Schedule (way) ahead: Many practices will let you book all of your well visits for six months at a time. Might as well get them on the calendar so you can plan your work schedule (or backup caregiver) around them. Speaking of which...

Send in backup: "There's nothing wrong with sending a family member or babysitter in your place. That's preferable to missing the appointment," says Dr. Spengler, who also suggests that you can then call into the appointment to speak to the doctor directly.

Ask your doc to give you written notes: "That's a big push in medicine, to be more sensitive to various levels of health literacy and to communicate more clearly," says Dr. S. "So written information can help parents better understand instructions." That's especially helpful if you have a non-primary parent or caregiver attending the appointment in your stead.

Giving vaccines is our superpower, and most pediatricians will bend over backwards to make sure you’re getting them.

Don't be embarrassed: If you need to cancel or miss an appointment, don't let that be the start of a slippery slope of awkwardness that makes it even harder to come in the next time. "The last thing we want as pediatricians is for our patients to feel judged by us," says Dr. Spengler. "Many pediatricians are parents themselves and are very intimately aware of the struggles of making it to multiple appointments during what may be both the happiest and most stressful time of life."

Most of all, be open with your doctor: "It's always, always better to share more information about your struggles than not," says Dr. Spengler. "It makes it easier for your doctor to help, particularly in those early months. Giving vaccines is our superpower, and most pediatricians will bend over backwards to make sure you're getting them."



The strange backstory behind the military's new paid parental leave policies

"Daddy's Uniform" via  flikr user Patrick Malone

"Daddy's Uniform" via flikr user Patrick Malone

Last month, I wrote gleefully here about how the military had expanded maternity leave to 12 weeks for women in all branches (a boon for most—but a cutback for the Navy and Marines, which had previously approved 18 weeks). Men would receive 10 days of paternity leave. Not equitable, but an improvement, nonetheless.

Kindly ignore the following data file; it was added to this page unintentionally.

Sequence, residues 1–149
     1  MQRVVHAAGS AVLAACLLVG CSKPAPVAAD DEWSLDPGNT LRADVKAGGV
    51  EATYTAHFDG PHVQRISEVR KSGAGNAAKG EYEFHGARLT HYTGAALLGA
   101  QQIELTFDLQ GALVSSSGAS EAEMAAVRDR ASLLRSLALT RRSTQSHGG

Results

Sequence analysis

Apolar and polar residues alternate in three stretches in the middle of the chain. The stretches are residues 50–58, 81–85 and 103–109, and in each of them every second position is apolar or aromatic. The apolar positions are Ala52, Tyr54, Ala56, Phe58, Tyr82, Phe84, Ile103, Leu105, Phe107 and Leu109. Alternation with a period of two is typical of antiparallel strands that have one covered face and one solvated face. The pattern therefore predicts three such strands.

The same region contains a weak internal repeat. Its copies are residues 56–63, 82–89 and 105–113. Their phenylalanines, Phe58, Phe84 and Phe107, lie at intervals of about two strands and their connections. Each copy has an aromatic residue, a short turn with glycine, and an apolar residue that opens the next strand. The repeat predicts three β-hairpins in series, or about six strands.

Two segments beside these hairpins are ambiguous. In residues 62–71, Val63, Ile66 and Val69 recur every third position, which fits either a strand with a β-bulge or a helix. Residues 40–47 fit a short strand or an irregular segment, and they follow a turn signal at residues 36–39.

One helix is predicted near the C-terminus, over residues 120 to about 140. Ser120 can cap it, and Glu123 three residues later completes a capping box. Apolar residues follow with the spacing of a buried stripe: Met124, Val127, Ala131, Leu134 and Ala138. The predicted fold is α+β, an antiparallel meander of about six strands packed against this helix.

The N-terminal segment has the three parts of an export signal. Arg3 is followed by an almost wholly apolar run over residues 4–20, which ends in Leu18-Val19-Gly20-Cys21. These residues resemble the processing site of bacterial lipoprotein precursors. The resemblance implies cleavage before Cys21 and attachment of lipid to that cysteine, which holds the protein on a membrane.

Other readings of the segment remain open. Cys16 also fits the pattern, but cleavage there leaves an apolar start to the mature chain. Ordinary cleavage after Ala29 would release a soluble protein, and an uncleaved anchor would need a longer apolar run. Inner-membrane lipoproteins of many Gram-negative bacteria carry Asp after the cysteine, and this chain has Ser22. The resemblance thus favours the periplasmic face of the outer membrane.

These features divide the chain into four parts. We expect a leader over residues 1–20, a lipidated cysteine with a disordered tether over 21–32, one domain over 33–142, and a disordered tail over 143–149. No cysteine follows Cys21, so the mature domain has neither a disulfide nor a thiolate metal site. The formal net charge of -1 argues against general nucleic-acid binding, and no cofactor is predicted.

Well, the architect of that modernization, acting undersecretary of defense for personnel and readiness, Brad Carson, has resigned under pressure from lawmakers after what the Military Times called his "disastrous" confirmation hearing. (There, Sen. John McCain called Carson's efforts around personnel reform, "an outrageous waste of time and resources." Various reports note that McCain was mostly peeved that Carson had overstepped his boundaries before being officially confirmed. But, still, man.) Carson's last day is April 8.

That's a loss, it seems, but Carson's vision will live on, allowing thousands of military families to humanely transition into parenthood. He even helped pass a provision to help service members freeze their eggs and sperm in case of injuries during combat. And his proposals for longer paternity leave (14 days instead of 10), longer hours for military daycares, and expanded access to mothers' lactation rooms (imagine!) are still on the table.

Lots of days here on the T5T blog, I'll write quippy lists or share my own kids' cute artwork about breastfeeding. But let's not forget the more serious stories, and the allies we've got in the Fifth Trimester, too—the people who stick their necks out to make more sensible policies around new working parenthood, sometimes even risking their careers. Mr. Carson, thank you.

This is what it looks like when a high-powered, awesome Swedish mom goes back to work

Screen Shot 2016-04-03 at 11.20.22 AM.png

(After six months—six months!—of maternity leave.)